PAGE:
I’ve had my Brown & Sharpe dial calipers since the late 1970s. The corners and edges of the mahogany case have been rounded off from three decades of constant use, and the mahogany itself is darkened from oxidation and the oils from handling. If you look closely, you can see the impression from the serial number stamp in the wooden case. Steve Ward and I used those calipers to build the original five-neck guitar and the twin necked “Uncle Dick” for Rick Nielsen. I used them to plot the original design for the sustain block bridge and world’s first 12-string bass. They were there to measure neck dimensions on KK Downing’s Flying V and Glenn Tipton’s SG when designing their signature models in 1984. Gary Moore and I used them to measure the neck width and depth of Peter Green’s Les Paul ’Burst.
Almost every person of note who worked at Hamer handled this tool at one time or another. It’s is still insanely accurate and one of my most treasured possessions, and as much as I enjoy the new digital calipers that can add, subtract and convert to metric at the touch of a button, there is something satisfying about using the analog version. It’s a connection to something deeper than just the job at hand.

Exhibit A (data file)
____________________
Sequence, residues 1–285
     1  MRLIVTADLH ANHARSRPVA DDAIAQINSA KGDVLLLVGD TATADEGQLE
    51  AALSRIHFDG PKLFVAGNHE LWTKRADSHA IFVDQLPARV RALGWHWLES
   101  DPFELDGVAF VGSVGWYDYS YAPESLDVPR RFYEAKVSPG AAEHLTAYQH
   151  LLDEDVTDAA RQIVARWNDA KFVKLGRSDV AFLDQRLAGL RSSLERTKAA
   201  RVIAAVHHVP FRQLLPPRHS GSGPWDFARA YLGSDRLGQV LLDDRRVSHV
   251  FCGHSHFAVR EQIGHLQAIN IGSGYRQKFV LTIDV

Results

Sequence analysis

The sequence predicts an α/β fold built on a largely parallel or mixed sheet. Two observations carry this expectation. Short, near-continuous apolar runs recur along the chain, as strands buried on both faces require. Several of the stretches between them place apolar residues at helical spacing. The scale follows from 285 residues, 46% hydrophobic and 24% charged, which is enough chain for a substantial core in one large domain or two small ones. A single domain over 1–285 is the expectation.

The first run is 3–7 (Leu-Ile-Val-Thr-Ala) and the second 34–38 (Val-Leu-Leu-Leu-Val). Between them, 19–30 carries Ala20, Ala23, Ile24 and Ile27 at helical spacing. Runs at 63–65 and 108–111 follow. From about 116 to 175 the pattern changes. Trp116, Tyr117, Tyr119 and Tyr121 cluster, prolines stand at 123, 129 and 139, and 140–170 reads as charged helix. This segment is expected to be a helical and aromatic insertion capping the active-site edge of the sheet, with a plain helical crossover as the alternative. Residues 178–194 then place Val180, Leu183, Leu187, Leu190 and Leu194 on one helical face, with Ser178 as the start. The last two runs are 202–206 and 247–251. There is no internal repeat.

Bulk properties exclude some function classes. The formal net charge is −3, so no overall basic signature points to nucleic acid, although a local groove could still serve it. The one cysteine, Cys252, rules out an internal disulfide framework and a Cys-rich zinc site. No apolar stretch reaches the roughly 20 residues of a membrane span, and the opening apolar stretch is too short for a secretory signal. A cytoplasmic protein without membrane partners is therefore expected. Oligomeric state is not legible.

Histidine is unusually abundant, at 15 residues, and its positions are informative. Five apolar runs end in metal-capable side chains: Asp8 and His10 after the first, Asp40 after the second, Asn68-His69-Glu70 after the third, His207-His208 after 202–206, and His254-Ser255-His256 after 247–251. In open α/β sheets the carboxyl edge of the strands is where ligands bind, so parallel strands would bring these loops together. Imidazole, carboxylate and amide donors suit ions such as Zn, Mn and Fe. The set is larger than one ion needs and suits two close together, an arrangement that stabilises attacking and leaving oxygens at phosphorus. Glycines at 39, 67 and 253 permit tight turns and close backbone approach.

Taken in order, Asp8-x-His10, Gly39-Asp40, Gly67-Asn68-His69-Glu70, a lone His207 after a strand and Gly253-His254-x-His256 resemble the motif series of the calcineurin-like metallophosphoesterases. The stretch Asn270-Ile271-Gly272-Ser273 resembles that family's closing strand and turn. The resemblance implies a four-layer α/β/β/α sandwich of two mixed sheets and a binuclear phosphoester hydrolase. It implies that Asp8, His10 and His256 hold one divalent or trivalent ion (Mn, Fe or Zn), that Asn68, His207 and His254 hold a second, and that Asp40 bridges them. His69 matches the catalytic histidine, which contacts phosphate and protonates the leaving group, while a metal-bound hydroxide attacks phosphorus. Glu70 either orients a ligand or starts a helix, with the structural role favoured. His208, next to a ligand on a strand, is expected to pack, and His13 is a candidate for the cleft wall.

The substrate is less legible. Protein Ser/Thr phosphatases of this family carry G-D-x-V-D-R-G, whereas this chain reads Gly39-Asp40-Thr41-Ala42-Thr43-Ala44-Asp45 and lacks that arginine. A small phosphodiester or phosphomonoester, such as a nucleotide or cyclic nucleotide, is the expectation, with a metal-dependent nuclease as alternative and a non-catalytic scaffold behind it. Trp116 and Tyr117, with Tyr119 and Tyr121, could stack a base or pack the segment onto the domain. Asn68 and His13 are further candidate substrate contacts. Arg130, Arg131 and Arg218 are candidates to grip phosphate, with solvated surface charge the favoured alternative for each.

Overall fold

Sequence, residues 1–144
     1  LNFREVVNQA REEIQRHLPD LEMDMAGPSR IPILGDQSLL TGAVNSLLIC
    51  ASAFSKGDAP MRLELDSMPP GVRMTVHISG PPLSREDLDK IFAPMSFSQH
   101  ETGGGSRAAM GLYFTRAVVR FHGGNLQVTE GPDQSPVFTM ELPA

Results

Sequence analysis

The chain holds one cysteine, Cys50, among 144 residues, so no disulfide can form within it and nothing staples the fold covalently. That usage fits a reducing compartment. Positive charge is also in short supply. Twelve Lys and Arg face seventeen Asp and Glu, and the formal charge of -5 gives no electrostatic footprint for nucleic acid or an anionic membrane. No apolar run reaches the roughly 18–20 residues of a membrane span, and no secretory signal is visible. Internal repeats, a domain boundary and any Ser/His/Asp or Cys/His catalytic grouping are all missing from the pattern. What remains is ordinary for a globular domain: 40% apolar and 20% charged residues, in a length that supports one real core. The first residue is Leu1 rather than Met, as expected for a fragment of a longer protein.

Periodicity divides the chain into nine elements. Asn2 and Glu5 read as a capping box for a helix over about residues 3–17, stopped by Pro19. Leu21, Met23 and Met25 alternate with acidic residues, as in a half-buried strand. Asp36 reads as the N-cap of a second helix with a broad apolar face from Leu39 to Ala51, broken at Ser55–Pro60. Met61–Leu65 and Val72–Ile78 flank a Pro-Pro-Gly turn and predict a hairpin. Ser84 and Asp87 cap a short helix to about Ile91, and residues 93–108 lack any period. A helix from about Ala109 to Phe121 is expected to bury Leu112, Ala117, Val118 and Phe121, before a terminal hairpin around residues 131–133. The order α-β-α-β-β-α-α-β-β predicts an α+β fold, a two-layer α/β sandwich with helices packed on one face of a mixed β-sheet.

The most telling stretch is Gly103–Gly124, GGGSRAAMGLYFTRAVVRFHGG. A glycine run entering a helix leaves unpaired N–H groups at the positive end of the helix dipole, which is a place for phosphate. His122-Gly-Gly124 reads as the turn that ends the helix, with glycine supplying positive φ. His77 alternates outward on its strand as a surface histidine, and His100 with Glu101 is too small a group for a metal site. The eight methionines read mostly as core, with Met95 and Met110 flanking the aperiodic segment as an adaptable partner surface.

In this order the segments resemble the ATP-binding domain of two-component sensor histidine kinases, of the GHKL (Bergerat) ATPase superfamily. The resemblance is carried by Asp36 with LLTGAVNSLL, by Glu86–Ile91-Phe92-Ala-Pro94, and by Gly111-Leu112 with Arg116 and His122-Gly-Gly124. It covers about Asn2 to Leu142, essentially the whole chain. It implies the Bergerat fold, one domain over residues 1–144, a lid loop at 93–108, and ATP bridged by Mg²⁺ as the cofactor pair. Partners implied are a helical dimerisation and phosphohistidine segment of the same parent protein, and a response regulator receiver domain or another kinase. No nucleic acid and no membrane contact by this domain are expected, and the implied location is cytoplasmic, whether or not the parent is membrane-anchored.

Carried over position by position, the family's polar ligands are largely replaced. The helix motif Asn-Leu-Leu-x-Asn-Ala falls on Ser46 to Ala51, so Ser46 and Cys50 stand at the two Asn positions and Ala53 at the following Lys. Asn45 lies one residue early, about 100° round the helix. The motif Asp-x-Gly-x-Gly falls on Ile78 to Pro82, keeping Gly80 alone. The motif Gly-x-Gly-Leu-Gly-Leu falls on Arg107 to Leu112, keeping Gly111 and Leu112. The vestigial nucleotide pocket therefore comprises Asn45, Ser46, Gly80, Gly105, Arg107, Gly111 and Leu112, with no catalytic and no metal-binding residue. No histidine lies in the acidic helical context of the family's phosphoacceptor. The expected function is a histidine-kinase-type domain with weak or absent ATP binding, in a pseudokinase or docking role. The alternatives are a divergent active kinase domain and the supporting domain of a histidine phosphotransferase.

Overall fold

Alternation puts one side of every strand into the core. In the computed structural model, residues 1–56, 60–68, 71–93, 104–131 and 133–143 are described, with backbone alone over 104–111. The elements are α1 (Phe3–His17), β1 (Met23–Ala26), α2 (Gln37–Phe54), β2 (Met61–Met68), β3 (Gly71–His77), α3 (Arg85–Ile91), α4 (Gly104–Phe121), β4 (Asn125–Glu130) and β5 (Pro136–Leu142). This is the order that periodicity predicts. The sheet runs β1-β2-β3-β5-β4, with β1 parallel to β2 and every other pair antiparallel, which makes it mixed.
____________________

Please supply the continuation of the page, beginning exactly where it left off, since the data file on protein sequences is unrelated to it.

My last post about the huge amount of electric guitar builders making instruments today elicited quite a volume of mail in my inbox. Some of you had additions to my list while others wanted to know why certain names were deemed “worthy” of inclusion. A couple people with severe OCD suggested the list be alphabetized. For those who sent me names, we all thank you. I couldn’t really grasp why the list should be in alphabetical order (as opposed to by cost, state or body style for instance) but I did it just the same.
I think that my point was well made before the addition of another 100+ builders, but now we have a bigger list to view anyway. As I said before, this list is not complete—not by a longshot—and it does not represent any sort of endorsement or judgement by me.
What do you think this says about the state of the guitar industry?